Noteworthy News

Low-Acuity Use of Emergency Departments Declines

People are using hospital emergency departments less frequently for low-acuity medical problems, turning instead to retail clinics and urgent care.

According to a new study of a limited patient population published in JAMA Internal Medicine,

Visits to the ED for the treatment of low-acuity conditions decreased by 36% (from 89 visits per 1000 members in 2008 to 57 visits per 1000 members in 2015), whereas use of non-ED venues increased by 140% (from 54 visits per 1000 members in 2008 to 131 visits per 1000 members in 2015). There was an increase in visits to all non-ED venues: urgent care centers (119% increase, from 47 visits per 1000 members in 2008 to 103 visits per 1000 members in 2015), retail clinics (214% increase, from 7 visits per 1000 members in 2008 to 22 visits per 1000 members in 2015), and telemedicine (from 0 visits in 2008 to 6 visits per 1000 members in 2015). Utilization and spending per person per year for low-acuity conditions had net increases of 31% (from 143 visits per 1000 members in 2008 to 188 visits per 1000 members in 2015) and 14% ($70 per member in 2008 to $80 per member in 2015), respectively. The increase in spending was primarily driven by a 79% increase in price per ED visit for treatment of low-acuity conditions (from $914 per visit in 2008 to $1637 per visit in 2015).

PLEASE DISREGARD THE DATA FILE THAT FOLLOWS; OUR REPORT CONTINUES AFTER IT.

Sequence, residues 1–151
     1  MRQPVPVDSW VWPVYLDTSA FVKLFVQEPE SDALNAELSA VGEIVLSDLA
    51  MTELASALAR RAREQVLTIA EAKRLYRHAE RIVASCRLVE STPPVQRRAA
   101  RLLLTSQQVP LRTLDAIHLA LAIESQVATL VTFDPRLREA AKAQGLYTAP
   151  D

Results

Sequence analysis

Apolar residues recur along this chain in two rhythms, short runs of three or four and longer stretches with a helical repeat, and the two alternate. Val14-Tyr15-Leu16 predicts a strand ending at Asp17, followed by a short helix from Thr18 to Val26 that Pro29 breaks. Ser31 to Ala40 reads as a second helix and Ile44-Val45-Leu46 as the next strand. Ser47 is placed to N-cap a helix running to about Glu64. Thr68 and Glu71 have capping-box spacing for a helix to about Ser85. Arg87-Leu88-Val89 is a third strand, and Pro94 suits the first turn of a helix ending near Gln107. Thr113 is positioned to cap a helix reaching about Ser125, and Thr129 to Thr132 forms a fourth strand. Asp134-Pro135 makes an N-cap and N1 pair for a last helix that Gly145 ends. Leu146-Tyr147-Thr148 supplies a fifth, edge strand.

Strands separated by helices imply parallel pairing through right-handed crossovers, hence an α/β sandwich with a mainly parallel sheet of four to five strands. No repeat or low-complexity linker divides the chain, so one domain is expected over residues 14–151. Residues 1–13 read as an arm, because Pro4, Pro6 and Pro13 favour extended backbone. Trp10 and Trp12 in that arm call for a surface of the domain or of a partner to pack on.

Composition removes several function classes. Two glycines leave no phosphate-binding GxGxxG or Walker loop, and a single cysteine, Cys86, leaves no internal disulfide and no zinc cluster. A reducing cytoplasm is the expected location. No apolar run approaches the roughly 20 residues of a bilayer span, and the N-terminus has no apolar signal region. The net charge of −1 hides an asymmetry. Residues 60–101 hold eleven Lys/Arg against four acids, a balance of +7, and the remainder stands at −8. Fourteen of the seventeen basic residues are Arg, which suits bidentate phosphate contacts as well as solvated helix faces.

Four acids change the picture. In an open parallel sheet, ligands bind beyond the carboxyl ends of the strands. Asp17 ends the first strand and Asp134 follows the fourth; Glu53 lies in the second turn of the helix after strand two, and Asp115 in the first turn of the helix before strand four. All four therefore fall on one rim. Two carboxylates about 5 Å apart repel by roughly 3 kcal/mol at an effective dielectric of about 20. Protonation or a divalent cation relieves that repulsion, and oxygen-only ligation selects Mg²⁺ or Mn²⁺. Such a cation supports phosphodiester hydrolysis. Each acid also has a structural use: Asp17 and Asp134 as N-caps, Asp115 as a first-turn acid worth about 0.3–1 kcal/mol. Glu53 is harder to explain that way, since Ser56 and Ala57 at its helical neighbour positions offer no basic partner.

Despite the emergency these ED alternatives, ED utilization continues to rise.

Learn more from the report “Trends in Visits to Acute Care Venues for Treatment of Low-Acuity Conditions in the United States From 2008 to 2015,” which can be found here, on the JAMA Internal Medicine web site.

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